The contemporaries and immediate successors of Anselm were far from adopting his theory in all its strictness. On the contrary, Abelard, taking in this case, as well as in many others, the opposite side of the question, attached principal importance to the moral aspect of the doctrine, and declared the love of Christ the redeeming principle, inasmuch as it calls forth love on our part. Bernard of Clairval, on the other hand, insisted upon the mystical idea of the vicarious death of Christ. Hugo of St. Victor adhered more nearly to the doctrine of Anselm, but modified it so far as to return to the earlier notion of a legal transaction and struggle with the devil; at the same time he asserted (with Abelard) the moral significance of Christ’s death. The opinions of Robert Pulleyn and Peter Lombard were still more closely allied with those of Abelard, though the latter combined with it other aspects of the atonement. The later scholastics returned to the doctrine of Anselm, and developed it more fully. Thus Thomas Aquinas brought the priestly office of Christ prominently forward, and laid great stress upon the super abounding merit of his death. Duns Scotus went to the other extreme, denying its sufficiency; but he supposed a voluntary acceptance on the part of God. Wycliffe and Wessel attached importance to the theory of satisfaction in its practical bearing upon evangelical piety, and thus introduced the period of the Reformation. The mystics either renounced all claims to doctrinal precision, and, abandoning themselves to the impulses of feeling and imagination, endeavored to sink into the depth of the love dying on the cross; or they thought to find the true principle of redemption in the repetition in themselves of the sacrifice once made by Christ, i.e., in literally crucifying their own flesh. Those of a pantheistic tendency annulled all that was peculiar in the merits of Christ. The external and mythical interpretation of the doctrine, as a legal transaction, led to offensive poetical exaggerations and distortions of the truth.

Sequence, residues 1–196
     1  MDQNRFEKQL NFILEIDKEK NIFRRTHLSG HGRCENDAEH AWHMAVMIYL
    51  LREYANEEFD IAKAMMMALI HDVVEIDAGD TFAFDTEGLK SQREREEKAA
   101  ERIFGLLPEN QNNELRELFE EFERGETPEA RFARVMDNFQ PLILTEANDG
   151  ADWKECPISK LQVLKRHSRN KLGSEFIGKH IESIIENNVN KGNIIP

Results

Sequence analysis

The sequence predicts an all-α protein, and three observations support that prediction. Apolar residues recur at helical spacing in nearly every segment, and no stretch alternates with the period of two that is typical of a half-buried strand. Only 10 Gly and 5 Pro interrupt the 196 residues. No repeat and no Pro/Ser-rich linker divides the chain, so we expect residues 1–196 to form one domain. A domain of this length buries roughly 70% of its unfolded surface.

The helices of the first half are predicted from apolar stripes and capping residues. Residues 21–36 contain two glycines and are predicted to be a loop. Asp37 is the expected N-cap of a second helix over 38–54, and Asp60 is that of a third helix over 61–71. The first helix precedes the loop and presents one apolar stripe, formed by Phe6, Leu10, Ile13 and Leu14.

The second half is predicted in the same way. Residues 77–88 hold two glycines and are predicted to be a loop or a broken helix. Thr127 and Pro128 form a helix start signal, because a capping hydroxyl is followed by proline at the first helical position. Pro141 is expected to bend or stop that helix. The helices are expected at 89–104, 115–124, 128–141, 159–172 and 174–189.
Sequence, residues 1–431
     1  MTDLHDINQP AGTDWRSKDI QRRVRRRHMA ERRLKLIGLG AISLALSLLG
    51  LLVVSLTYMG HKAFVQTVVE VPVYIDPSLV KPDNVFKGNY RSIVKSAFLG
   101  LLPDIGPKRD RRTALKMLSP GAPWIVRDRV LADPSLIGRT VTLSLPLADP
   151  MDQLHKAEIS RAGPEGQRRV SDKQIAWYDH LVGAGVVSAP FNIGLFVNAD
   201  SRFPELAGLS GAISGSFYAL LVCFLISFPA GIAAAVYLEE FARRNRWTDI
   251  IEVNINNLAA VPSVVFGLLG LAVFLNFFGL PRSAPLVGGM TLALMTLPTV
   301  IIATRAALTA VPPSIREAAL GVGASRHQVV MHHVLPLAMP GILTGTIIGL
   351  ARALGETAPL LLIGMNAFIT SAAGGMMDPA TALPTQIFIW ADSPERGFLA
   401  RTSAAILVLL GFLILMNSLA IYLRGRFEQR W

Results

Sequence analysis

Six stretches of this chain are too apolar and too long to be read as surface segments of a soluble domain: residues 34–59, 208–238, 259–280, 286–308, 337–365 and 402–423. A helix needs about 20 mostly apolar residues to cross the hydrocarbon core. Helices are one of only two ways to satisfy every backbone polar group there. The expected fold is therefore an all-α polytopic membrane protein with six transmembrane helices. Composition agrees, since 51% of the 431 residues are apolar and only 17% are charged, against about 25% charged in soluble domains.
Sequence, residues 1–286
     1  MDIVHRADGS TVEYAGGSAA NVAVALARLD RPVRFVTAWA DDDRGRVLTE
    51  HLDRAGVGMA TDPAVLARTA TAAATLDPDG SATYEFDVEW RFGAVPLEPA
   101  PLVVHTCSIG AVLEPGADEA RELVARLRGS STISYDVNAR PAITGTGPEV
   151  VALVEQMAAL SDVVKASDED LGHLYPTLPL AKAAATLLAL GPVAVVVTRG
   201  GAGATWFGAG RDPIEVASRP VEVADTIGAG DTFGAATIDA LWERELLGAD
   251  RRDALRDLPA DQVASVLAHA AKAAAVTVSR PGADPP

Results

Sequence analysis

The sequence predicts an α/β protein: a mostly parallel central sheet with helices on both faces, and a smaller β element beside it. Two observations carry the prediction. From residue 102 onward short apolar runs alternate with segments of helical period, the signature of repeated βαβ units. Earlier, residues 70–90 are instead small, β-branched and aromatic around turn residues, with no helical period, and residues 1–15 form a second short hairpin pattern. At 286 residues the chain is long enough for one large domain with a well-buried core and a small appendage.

THE REFORMATION PERIOD
We prefer to speak of this period of the development of the doctrine of the atonement as the “Reformation Period.” We thought of designating this phase of the history of this doctrine as the “Reformed View.” However, the Reformed view of the atonement stands over against other views of the cross of our Lord Jesus Christ, such as, e.g., the Arminian presentation of it. And we would rather speak of the “Reformation Period” because it gives us the opportunity to show that the Reformed view of the atonement is indeed the view as set forth by the Reformation. The Reformed conception certainly is in line with the principles as proclaimed and set forth by the Reformation.
When we set forth the doctrine of the atonement as set forth by the Reformation, we instinctively turn to Calvin. Calvinism is certainly more Scriptural in its view of the atonement than Lutheranism. The Lutheran Augsburg Confession does not devote an article to the doctrine of the atonement. The same is true of the Lutheran Formula of Concord, drawn up in 1577, some sixty years after Luther nailed the ninety-five theses to the church door of Wittenberg. However, the Formula of Concord does have an article on the subject of predestination. Now we must bear in mind that the formulation of this doctrine of predestination in the Formula of Concord was under the influence of the teachings of Melanchthon, Luther’s co-worker in the Reformation. And Melanchthon was certainly not as pure as Luther. Concerning this Schaff, in his History of the Creeds of Christendom, Vol. I, 308-309, writes: “Next to him, and at a later period, Martin Chemnitz (1522-1586), the greatest pupil of Melanchthon and the prince among the Lutheran divines of his age, and Nicholas Selnecker (1530-1592), originally likewise a Melanchthonian, took the most important part in the movement, and formed with Andreae the theological ‘triumvirate,’ which finally completed the Form of Concord.”